Friday, March 26, 2010
I finally got around to viewing the performance of Eric Whitacre's "Lux Aurumque," a work which the composer created for his Virtual Choir, a sort of hybrid between a live performance by a choir standing together in one room and one involving people singing from many different locales via Internet hookup.
The conductor brought together 185 singers from 12 countries. Each of the singers was recorded separately but conducted by Whitacre via a YouTube video. You can read about Whitacre's process and instructions (which he posted on the Web last July) here. For the final performance, Whitacre brought all the different video tracks of the choristers singing together. The result can be seen here.
I admire Whitacre's experiments in technology. This one is particularly exciting because it attempts to bring the polish of a live performance to the virtual format. Many other virtual choir experiments which feature a conductor leading a remote ensemble in real-time often sound ragged because of time-delays on Internet connections and the like. Because the singers in "Lux Aurumque" had all followed the conductor carefully in advance of the performance to create a video of them singing their part, the rendering of the music when all the voices were brought together was more accurate.
But while it's fun to watch the video of Whitacre on screen in a black t-shirt conducting 185 computer screens each with a chorister's face on it, the performance is far from perfect. In fact it sounds very canned and artificial. With its atmospheric, drawn-out lines and movie soundtrack-like feel, Whitacre's choral music lends itself more to electronic rendering than the work of other composers. But as parsed through so many screens, it lacked the warmth and communication of a live performance.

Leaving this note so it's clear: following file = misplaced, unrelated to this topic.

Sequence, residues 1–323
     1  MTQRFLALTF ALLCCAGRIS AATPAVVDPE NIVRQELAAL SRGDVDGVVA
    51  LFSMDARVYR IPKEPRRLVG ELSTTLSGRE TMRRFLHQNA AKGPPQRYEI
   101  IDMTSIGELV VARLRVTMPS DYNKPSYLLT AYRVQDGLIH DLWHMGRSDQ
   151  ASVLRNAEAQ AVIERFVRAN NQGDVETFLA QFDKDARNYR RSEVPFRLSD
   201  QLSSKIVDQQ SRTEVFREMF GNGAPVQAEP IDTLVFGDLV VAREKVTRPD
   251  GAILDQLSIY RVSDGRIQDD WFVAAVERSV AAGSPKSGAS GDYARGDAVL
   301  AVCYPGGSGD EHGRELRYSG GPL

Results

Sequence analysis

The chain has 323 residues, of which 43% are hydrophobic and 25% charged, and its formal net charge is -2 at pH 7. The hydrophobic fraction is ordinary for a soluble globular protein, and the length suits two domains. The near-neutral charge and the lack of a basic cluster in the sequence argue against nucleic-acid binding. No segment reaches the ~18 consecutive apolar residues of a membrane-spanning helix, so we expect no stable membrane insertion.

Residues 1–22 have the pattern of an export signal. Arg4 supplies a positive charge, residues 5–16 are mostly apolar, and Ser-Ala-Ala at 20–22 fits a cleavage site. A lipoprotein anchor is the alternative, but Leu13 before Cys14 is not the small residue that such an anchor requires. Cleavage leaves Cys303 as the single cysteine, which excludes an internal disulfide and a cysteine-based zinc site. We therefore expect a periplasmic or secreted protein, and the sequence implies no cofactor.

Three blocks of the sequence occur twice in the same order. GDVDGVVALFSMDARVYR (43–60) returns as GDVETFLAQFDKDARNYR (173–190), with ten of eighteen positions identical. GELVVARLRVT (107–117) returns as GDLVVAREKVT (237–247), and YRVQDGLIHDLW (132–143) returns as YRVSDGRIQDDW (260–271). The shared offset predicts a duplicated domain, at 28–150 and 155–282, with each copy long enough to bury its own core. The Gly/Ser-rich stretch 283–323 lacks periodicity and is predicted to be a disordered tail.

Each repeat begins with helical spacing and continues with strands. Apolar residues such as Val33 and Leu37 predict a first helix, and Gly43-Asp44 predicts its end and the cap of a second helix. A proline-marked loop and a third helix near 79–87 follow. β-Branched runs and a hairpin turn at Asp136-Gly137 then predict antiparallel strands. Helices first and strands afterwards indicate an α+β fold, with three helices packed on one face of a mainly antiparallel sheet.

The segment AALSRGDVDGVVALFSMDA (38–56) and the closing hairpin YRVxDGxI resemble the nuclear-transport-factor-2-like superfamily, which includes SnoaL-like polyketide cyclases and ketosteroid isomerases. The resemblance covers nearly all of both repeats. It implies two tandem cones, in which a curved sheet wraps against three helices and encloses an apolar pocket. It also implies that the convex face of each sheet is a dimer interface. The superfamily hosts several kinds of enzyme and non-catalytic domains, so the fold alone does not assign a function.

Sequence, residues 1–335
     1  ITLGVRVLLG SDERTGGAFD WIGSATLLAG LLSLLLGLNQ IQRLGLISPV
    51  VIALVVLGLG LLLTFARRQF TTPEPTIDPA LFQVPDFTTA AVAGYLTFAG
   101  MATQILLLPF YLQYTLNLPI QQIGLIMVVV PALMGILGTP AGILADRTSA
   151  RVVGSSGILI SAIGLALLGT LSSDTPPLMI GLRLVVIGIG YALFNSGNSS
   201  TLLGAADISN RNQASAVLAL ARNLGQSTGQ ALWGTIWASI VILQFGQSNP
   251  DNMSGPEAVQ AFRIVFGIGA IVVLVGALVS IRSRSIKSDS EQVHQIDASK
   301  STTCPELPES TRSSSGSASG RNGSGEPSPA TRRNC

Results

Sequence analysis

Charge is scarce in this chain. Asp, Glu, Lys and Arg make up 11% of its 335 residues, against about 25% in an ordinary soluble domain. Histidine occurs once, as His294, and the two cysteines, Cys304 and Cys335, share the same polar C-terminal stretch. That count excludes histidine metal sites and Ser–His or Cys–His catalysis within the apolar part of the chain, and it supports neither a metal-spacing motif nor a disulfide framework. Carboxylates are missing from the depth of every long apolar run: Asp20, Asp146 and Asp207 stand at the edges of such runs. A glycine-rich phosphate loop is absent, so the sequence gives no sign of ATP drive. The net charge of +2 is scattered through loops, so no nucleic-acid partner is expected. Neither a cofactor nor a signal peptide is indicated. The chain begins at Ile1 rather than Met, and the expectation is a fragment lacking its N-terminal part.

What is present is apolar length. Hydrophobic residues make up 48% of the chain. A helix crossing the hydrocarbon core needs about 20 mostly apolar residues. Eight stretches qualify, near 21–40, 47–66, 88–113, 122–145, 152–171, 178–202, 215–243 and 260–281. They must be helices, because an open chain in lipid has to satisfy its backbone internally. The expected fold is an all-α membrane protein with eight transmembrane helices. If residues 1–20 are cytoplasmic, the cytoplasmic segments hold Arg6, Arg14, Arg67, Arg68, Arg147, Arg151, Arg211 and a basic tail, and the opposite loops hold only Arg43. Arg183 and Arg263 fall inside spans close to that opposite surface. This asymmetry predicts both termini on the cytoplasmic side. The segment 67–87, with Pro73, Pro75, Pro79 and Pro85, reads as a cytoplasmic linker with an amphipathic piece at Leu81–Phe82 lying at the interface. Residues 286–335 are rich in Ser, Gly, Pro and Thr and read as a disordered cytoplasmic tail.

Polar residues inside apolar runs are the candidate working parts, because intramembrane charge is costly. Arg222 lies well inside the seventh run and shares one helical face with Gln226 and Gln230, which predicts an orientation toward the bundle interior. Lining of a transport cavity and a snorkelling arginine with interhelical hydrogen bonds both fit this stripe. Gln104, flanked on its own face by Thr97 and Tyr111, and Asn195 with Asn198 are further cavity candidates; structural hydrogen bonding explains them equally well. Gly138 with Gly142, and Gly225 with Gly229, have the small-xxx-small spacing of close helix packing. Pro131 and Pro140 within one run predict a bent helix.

Still, I hope the composer continues with these experiments. Even if the music still has a long way to go before it approximates a true choral sound, there's something captivating about the idea behind the projects. And from a visual standpoint, the sight of lots of people singing together is gorgeous - the canvas of faces is bright and kinetic. It wouldn't look out of place as an installation on the walls of an art gallery.
If nothing else, it's fun to think about all those singers dotted around the world, turning on their webcams, singing in time with Whitacre's beat, recording themselves and then appearing on screen with their colleagues from many different lands in almost perfect unison. There's a sort of poetry to this achievement